That Malawi needs to import 1 290 000 metric tonnes (MT) of maize to feed its hungry 3 million cannot be disputed. This is because of the back-to-back low maize yields for 2014/15 and 2015/16 due to drought and floods last year, and drought this year.
In his State of the Nation Address (Sona) last week President Peter Mutharika said: “Maize production has declined by 12.4 percent in the 2015/16 growing season. Thus, maize production declined from about 2.8 million metric tons in 2014/15 growing season to about 2.4 million metric tons in 2015/16. The country will, therefore, experience a deficit over another deficit registered in the previous season. Over 3 million Malawians are expected to be food insecure.”
But this week, Minister of Agriculture, Irrigation and Water Development George Chaponda ballooned the figure of those that would require food aid to eight million.
Why the contradiction? I can guarantee that the President did not dream up that figure. He got it from the same ministry whose political head is Chaponda. And Chaponda knows that he and the President ought to speak the same the language all the time. Otherwise how will people trust him or the President on anything?
The contradiction between Mutharika and Chaponda aside, here is another bombshell.
Chaponda wants government to put aside a jaw-dropping K250 billion for the importation of the maize to feed the hungry Malawians because the maize will not be bought from the region. Really?
It is true the Southern Africa Development Community (Sadc) region in general will experience low maize yields this year compared to previous years. Except Zambia. And I am not saying this with tongue-in-cheek. This is fact.
It is a blue lie that Zambia—as Chaponda told Parliament on Monday this week—is in a similar situation as Malawi. Zambia is now the bread basket for this region. For over seven years now, Zambia has been a surplus maize producer and this year, while Malawi witnessed a reduction in maize production in the 2015/16 agriculture season, Zambia has recorded an increase with an output of 2 873 052 MT. This is an increase of 9.73 percent from the 2 618 221 MT produced 2014/15.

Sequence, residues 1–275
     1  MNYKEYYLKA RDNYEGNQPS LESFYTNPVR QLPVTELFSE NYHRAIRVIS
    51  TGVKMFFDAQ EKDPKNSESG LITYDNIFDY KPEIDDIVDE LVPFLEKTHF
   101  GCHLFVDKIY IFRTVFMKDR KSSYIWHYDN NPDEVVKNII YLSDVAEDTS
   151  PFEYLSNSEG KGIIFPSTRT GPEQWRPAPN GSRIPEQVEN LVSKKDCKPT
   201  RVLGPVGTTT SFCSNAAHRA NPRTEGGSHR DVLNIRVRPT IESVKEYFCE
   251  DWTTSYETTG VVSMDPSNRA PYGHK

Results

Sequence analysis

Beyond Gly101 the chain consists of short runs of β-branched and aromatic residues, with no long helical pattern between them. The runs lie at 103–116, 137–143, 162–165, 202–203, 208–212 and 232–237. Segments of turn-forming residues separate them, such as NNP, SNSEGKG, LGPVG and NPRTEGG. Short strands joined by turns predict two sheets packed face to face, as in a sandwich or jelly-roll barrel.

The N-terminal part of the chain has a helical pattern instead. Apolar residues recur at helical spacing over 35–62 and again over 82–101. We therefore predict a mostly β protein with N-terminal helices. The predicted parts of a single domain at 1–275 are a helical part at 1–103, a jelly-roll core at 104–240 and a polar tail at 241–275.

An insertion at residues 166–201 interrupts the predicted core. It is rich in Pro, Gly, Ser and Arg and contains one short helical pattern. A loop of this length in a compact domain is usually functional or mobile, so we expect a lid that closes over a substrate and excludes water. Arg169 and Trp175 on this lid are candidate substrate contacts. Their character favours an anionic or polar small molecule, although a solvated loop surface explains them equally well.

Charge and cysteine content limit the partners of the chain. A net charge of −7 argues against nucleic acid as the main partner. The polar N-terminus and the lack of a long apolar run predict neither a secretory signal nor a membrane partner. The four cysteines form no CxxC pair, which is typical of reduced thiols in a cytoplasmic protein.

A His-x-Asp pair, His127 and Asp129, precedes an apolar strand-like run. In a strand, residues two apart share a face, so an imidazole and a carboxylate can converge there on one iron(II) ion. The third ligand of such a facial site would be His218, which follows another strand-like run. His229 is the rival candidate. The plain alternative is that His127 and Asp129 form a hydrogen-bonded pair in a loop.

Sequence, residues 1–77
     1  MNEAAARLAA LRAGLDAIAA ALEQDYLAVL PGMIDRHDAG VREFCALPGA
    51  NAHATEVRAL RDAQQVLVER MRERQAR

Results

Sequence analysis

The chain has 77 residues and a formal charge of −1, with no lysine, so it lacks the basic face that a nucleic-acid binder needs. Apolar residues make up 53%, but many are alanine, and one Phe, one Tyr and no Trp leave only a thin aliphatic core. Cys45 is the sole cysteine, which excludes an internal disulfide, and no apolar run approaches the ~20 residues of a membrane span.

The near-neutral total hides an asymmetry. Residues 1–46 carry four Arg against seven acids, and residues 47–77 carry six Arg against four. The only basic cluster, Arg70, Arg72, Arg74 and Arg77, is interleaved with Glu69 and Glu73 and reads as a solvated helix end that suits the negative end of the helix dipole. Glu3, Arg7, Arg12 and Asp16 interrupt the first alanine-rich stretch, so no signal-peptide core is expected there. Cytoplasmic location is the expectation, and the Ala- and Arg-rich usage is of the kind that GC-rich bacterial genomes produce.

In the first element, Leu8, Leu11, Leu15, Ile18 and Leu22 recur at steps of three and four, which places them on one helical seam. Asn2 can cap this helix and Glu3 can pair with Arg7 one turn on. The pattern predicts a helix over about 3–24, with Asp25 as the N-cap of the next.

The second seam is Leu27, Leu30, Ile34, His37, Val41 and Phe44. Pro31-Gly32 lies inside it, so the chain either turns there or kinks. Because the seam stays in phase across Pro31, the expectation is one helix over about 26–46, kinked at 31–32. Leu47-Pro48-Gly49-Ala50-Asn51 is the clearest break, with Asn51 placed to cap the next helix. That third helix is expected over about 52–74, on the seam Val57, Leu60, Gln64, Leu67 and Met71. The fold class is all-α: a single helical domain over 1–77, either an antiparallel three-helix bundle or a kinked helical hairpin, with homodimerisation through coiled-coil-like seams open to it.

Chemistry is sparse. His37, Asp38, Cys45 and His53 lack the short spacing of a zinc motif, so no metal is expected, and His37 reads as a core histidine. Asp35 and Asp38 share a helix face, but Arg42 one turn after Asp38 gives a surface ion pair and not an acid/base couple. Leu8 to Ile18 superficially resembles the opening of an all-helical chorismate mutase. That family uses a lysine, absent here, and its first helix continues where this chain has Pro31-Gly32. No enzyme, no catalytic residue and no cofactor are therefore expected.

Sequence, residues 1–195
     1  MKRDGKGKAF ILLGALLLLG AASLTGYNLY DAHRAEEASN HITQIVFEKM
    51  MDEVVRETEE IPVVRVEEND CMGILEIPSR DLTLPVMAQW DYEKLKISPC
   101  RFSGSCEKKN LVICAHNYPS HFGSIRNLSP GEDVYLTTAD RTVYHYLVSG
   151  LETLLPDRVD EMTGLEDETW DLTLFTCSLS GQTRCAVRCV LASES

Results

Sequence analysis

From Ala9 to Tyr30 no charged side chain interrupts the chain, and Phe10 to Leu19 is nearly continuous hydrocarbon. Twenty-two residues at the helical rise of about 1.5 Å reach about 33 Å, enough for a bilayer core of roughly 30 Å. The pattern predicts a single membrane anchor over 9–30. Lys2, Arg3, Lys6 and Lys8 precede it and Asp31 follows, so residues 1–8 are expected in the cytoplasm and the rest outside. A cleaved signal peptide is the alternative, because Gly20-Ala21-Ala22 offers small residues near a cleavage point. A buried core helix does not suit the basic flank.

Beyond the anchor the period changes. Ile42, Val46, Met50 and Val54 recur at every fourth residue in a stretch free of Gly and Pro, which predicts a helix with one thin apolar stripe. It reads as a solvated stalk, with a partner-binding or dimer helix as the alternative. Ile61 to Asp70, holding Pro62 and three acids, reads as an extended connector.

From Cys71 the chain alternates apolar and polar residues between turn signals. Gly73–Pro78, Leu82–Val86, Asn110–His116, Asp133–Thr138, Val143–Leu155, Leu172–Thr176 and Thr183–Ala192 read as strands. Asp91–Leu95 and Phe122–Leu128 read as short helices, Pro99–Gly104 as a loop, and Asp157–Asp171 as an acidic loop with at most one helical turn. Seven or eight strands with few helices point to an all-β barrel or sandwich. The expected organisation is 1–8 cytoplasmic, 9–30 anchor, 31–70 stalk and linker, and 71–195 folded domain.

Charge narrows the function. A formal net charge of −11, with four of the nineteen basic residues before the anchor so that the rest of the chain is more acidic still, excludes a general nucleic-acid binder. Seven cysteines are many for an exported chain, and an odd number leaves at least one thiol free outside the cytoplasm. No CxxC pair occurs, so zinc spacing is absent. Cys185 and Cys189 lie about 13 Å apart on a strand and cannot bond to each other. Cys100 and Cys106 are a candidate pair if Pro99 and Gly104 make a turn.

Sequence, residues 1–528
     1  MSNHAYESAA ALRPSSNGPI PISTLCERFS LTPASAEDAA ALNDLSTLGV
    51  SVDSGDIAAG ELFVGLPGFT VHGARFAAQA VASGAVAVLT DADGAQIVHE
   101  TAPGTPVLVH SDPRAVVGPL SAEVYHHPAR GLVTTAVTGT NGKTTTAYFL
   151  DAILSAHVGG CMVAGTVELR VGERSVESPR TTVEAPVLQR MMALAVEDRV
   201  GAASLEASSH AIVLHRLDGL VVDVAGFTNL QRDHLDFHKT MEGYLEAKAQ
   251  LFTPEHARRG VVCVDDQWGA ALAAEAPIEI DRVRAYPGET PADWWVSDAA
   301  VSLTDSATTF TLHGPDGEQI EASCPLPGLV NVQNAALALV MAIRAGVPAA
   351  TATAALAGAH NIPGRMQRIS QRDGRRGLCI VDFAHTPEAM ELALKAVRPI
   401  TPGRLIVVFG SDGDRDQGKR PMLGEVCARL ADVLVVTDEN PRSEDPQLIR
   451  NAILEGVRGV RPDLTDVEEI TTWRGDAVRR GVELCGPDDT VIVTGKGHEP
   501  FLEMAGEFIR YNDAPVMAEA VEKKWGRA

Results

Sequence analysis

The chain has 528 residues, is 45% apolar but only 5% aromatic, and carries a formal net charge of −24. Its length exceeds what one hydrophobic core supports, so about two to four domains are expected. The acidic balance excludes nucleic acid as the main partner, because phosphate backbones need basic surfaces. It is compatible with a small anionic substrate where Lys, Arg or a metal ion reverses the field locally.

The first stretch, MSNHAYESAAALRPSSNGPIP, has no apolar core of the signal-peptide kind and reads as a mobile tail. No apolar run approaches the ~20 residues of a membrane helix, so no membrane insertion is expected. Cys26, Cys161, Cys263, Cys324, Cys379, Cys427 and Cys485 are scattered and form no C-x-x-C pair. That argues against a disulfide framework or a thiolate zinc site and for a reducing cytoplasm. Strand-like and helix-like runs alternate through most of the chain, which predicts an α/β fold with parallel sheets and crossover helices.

In addition to this, there is carry-over stock amounting to 667.524 MT as at May 1, 2016. The Zambia Food Reserve Agency (FRA) is holding 360 648 MT, the Grain Traders Association of Zambia (GTAZ) 207 771 MT, Zambia National Farmers Union (ZNFU) 36 701 MT while small and medium scale farmers hold about 38 751 MT. When compounded, the 2015/2016 agricultural season will have 3 540 577 MT.
This is against the local consumption demand of 2.3 million MT for domestic and industrial use. So if truth be told, Zambia is teeming with maize.
Zambia is now strategising on how best to cash in on this surplus maize. I have it on authority that Zambia will be taking advantage of the current maize deficit in the region to maximise market advantage within the Sadc and Common Market for Eastern and Southern Africa (Comesa) regions.
Currently, Zambia is encouraging an open border policy aimed at restoring confidence among commercial farmers to increase production, and policy stability for their participation in export trade given the market access advantage the country enjoys through various Free Trade Agreements (FTAs) with the region.
Malawi should take full advantage of the surplus maize in across the border to feed its hungry people at a fraction of the cost of importing from Brazil, Mexico, Ukraine and such other countries. We don’t need to spend a quarter of the budget, or thereabouts, to import 1 250 000 MT of maize.
All that Malawi needs to do is to act with speed. Government should immediately deploy a high level delegation to Zambia led by senior officials from the ministries of Finance and Agriculture and negotiate for the tonnage Malawi needs before Lesotho, Swaziland, Mozambique and Zimbabwe get the maize.
But knowing Malawi, as usual it will dilly-dally until other countries get the grain. Procrastination and theft is the only language Malawi speaks with perfection. That is why we are still relying on rain-fed agriculture 52 years after independence allowing large cubic meters of water from Lake Malawi to flow out of the country via the Shire to the Indian Ocean.
This is despite borrowing $156 million (K117 billion) from the Export Import Bank of India since 2008 to develop irrigation under the Greenbelt Initiative.